Relative Custody

It is common for family members to help each other in providing and caring for children. Often this is done informally and without the need to legally establish a custodial relationship between a child and relative caregiver.

However, sometimes it becomes necessary and the child’s best interest is served by a relative having legal custody of a grandchild, niece, nephew, or stepchild.  Medical service providers, schools and others do not always accept notarized authorizations from parents intended to allow relatives to consent to medical treatment or enroll children in school, access records or make other decisions for children.

There are 2 options under Florida Family Law for relatives (within the 3rddegree of a parent) or a stepparent to obtain legal custody of a child or children.

One form of relative custody is called Temporary Custody by Extended Family.  The term “Temporary” is used because the parents’ rights and responsibilities are still in place.  However, the relative with a court order for Temporary Custody by Extended Family also has all the rights and responsibilities of a parent.  Such an order will be in effect until terminated by further court order.  The order may be in effect for a brief time, or it may last until a child reaches the age of majority.  An order granting Temporary Custody by Extended Family may contain provisions for a parent or parents to have contact with the child.  The parents’ contact with a child can be limited or restricted for good cause.  A parent seeking to end or terminate an order for Temporary Custody by Extended Family and regain legal custody of a child may have to demonstrate that she or he is a “fit” parent as defined by law.  Or, such an order can be terminated by agreement of all parties.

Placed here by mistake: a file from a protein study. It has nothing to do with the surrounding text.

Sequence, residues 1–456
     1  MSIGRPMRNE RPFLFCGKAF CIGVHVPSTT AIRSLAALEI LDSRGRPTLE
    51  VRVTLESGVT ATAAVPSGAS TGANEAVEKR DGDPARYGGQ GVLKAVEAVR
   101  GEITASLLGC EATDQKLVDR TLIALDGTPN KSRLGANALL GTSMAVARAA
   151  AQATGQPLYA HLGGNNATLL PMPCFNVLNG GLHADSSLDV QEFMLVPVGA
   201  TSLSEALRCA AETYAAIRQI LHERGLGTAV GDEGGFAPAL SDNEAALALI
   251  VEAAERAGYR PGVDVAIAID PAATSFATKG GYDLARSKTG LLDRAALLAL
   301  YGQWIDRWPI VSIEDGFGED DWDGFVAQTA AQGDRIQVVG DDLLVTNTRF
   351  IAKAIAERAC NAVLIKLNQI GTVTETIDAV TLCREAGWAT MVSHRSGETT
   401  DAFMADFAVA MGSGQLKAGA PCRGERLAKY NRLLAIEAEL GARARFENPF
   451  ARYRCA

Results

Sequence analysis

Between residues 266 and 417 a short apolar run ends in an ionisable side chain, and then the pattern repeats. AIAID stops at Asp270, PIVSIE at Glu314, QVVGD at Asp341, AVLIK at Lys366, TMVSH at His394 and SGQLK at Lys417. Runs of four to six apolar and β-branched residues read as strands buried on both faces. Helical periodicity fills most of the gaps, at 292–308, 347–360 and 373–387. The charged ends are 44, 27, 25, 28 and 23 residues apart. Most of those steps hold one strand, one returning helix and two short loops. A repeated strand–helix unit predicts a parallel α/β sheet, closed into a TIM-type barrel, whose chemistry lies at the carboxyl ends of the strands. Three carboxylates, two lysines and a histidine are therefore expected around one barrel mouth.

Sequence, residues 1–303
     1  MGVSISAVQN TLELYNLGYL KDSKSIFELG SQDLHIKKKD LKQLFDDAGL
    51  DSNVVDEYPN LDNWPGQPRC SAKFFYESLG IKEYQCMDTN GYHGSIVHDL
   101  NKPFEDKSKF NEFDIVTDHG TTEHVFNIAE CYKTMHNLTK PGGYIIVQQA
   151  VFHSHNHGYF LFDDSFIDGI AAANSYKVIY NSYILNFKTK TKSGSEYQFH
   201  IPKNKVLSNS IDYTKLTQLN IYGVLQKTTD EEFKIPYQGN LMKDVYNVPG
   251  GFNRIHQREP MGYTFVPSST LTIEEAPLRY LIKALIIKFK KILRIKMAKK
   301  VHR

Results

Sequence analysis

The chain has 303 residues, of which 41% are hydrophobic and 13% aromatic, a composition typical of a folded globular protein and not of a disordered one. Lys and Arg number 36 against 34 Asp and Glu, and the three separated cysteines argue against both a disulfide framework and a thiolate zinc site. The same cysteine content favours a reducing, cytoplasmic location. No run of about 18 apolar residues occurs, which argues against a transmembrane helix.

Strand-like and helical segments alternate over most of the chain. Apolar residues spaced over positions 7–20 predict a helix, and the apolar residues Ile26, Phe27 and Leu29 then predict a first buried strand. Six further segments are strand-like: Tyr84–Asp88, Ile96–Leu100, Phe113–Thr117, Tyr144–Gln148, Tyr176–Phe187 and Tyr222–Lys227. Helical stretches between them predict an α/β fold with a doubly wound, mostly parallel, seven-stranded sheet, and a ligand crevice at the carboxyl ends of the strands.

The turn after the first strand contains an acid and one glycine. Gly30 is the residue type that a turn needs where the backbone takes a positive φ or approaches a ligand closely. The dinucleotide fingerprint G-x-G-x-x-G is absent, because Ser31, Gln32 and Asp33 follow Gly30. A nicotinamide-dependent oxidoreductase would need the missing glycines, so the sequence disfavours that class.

Another form of relative custody is called Concurrent Custody by Extended Family.  This is best understood as a shared custody arrangement with parents.  While parents retain their rights and responsibilities, the order for Concurrent Custody by Extended Family also affords the relative with rights and responsibilities of a parent.  Under an order for Concurrent Custody there can be no restrictions on parents having access and physical custody of a child.  And an order for Concurrent Custody by Extended Family can be terminated at any time by a parent making a request of the court to do so.

When deciding how best to care for children it is important to consider these forms of relative custody in addition to adoption or legal custody through a Child Protection Services Case.

Please contact me at any time to further discuss your circumstances and options for care of a child.

Florida Child Protection Services
Father's Rights Attorney